Photonic-band-gap engineering for volume plasmon polaritons in multiscale multilayer hyperbolic metamaterials

Sergei V. Zhukovsky, Technical University of Denmark, Saint Petersburg State University of Information Technologies
Alexey A. Orlov, Saint Petersburg State University of Information Technologies
Viktoriia E. Babicheva, Purdue University, Birck Nanotechnology Center, Technical University of Denmark, Saint Petersburg Stat University of Information Technologies
Andrei V. Lavrinenko, Technical University of Denmark
J. E. Sipe, University of Toronto

Date of this Version



This is the Publisher PDF of Zhukovsky, SV; Orlov, AA; Babicheva, VE; Lavrinenko, AV; Sipe, JD. "Photonic-band-gap engineering for volume plasmon polaritions in multiscale multilayer hyperbolic metamaterials." Physical Review A, 90:1 (013801) 2014. Copyright APS, available at


We study theoretically the propagation of large-wave-vector waves (volume plasmon polaritons) in multilayer hyperbolic metamaterials with two levels of structuring. We show that when the parameters of a subwavelength metal-dielectric multilayer (substructure) are modulated (superstructured) on a larger, wavelength scale, the propagation of volume plasmon polaritons in the resulting multiscale hyperbolic metamaterials is subject to photonic-band-gap phenomena. A great degree of control over such plasmons can be exerted by varying the superstructure geometry. When this geometry is periodic, stop bands due to Bragg reflection form within the volume plasmonic band. When a cavity layer is introduced in an otherwise periodic superstructure, resonance peaks of the Fabry-Perot nature are present within the stop bands. More complicated superstructure geometries are also considered. For example, fractal Cantor-like multiscale metamaterials are found to exhibit characteristic self-similar spectral signatures in the volume plasmonic band. Multiscale hyperbolic metamaterials are shown to be a promising platform for large-wave-vector bulk plasmonic waves, whether they are considered for use as a kind of information carrier or for far-field subwavelength imaging.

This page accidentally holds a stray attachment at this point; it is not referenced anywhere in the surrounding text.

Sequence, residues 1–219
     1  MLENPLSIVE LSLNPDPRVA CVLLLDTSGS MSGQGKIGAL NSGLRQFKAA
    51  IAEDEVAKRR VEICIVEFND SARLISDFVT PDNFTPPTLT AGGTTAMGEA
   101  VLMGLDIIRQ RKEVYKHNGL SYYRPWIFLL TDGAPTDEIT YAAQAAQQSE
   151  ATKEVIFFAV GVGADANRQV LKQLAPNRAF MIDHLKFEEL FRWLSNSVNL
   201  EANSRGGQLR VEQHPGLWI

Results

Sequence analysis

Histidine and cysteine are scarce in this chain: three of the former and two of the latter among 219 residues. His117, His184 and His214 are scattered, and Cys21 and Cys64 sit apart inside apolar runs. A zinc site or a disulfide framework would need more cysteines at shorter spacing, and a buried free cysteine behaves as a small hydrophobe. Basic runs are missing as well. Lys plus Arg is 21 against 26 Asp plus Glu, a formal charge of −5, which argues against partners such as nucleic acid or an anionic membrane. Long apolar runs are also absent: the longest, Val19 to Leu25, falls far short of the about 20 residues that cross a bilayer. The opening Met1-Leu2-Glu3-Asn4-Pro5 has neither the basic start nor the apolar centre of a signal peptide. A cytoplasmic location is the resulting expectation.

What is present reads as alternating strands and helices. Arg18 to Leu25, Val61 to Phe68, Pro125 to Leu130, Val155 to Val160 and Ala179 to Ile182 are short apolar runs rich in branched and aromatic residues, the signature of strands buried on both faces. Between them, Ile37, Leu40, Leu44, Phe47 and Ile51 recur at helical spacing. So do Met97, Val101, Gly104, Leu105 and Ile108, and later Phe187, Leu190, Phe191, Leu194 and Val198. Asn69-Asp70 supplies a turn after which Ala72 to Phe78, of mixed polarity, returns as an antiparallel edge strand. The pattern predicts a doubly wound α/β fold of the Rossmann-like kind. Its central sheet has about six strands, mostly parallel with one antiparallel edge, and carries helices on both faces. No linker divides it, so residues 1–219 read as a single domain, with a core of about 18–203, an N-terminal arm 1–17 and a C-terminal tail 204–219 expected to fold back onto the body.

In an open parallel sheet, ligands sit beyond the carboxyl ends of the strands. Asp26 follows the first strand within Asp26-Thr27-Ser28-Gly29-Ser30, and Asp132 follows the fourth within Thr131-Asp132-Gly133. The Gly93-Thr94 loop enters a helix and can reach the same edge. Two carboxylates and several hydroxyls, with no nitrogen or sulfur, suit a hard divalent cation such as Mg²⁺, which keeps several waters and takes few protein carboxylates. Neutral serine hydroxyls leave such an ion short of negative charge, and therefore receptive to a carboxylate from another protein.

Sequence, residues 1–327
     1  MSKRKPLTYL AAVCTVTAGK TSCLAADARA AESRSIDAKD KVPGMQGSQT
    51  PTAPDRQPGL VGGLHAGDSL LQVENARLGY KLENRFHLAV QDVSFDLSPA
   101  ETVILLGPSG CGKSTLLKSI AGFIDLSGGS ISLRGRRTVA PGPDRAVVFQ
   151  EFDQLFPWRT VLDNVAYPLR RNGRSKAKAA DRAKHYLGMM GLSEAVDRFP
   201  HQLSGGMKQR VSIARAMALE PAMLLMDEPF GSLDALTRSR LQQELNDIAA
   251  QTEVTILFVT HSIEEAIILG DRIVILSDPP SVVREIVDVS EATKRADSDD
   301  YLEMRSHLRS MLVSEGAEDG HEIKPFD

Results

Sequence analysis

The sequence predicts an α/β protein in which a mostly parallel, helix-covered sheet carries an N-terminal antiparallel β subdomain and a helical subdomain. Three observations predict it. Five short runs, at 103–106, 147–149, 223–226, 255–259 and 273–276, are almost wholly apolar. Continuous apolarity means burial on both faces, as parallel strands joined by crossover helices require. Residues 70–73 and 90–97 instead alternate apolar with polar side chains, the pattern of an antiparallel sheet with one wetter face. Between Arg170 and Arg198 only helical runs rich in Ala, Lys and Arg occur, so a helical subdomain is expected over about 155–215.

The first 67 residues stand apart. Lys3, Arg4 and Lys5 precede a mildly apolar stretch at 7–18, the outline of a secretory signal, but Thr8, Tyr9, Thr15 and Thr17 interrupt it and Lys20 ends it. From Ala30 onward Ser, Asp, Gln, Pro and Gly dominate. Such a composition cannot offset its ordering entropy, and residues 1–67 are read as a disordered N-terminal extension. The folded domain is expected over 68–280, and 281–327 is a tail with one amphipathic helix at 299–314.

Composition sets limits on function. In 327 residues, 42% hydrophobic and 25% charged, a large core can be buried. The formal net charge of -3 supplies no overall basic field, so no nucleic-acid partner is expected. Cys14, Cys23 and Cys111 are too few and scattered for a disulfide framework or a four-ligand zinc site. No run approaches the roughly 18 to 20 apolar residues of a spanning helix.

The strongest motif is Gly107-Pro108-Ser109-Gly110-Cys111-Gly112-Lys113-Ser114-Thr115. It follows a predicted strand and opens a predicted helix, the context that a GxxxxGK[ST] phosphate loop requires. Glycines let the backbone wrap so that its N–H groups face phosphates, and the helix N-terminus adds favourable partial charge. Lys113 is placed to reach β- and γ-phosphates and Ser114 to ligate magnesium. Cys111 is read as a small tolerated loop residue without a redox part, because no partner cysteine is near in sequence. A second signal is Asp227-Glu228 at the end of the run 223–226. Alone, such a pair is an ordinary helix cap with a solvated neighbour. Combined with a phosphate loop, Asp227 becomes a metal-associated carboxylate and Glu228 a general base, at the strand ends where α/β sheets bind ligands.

Nanoscience and Nanotechnology